Is technology killing children’s play culture, or breathing new life into it?

Hello readers,
to quote myself in the comments on this blog by T.Gill that I am reblogging, and you’ll have to read the reblogged blog to better get my drift:

“Playworkers notice [the richness, creativity and majesty of children’s culture, that goes unnoticed most of the time].

”More than anyone else who works with children, more even than mum or dad or teacher, I humbly contend.

“The good playworkers do anyway; if not all of them, the poor benighted creatures that they are, so often victims of cuts, poor training, uncaring local authorities and so on.

”And what better guides for you[Tim Gill], as you roll up your sleeves and do some voluntary worker as a playwork helper, than my lovely chums at PATH (Play Association Tower Hamlets)?

“THERE IS A HUGE GULF,
AND IT IS WIDENING,
BETWEEN WHAT IS WRITTEN ABOUT PLAYWORK
AND THE LIVED EXPERIENCE OF PLAYWORK
ON THE GROUND.

”Things aren’t improving either, in this ‘age of precarity’ or as some insist, ‘age of austerity’. Lucky are the few playworkers who have any ‘job security’, much less a pension.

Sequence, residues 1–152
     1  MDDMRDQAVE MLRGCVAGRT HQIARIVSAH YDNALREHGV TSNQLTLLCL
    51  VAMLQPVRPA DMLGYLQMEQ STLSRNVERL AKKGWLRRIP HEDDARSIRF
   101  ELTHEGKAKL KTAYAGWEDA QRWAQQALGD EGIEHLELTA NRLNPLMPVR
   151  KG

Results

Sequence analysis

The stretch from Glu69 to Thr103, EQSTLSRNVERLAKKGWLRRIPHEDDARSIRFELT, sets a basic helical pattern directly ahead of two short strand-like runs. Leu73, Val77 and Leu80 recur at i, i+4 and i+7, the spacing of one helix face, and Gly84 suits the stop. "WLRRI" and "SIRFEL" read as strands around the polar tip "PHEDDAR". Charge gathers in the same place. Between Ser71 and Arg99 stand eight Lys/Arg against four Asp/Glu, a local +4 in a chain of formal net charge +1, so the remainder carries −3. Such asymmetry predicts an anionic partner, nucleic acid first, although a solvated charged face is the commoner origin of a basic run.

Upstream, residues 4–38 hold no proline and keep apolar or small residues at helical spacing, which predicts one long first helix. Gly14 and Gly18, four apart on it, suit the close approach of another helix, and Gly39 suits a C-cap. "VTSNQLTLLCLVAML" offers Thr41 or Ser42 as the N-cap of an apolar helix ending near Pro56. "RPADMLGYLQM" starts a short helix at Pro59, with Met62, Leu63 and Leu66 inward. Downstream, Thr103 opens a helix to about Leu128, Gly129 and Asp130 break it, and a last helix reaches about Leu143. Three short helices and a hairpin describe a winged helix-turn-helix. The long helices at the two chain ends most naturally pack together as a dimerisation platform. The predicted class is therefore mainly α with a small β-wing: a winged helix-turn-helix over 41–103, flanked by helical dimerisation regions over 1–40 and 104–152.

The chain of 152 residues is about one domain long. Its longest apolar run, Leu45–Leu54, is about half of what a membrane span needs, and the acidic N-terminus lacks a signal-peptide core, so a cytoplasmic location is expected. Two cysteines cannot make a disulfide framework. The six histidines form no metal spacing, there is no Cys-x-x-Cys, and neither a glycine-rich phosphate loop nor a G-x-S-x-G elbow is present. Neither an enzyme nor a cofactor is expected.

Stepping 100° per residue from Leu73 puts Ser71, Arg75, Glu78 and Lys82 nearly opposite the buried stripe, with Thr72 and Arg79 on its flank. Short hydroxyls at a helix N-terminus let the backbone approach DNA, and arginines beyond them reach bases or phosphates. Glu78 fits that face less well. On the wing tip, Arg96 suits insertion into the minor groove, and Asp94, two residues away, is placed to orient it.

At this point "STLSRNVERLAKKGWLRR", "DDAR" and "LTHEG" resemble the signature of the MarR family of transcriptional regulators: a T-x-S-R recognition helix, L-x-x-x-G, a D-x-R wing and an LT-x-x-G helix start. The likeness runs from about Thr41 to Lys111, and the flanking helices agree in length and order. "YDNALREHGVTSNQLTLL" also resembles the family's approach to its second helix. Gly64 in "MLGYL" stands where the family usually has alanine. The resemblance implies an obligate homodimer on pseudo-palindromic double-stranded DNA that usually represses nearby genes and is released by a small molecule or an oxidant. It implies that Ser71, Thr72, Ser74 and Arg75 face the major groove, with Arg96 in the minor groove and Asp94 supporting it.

http://en.wikipedia.org/wiki/Precarity

“I look forward to more of your excellent and insightful writings, Tim, especially in the field of playwork.

”Shameless plug – I’m running the ‘Ludic Salon’ for playworkers, and also two workshops, at the excellent National Playwork Conference in Eastbourne on the 4th and 5th of March, if any readers would be interested.

“One of the workshops will revisit two classic publications: ‘Best Play’ (which I believe a certain T.Gill was involved in), and ‘Making Sense – playwork in practice’.

[The other, a repeat of a groundbreaking session form last year, will look REFLECTIVE PRACTICE, through the lenses of storytelling, love, work, and play.]

http://www.playworkconferences.org.uk/

Rethinking Childhood

Just before Christmas, I was helping out at an after-school play session in a community centre in Tower Hamlets in East London. Eight-year-old Jane arrived, took a plastic mug from the kitchen, sat down at a table near me, and started clapping her hands and the table, and tapping and flipping the cup, in a repetitive, rhythmic routine.

Cup on a table in front of a boy

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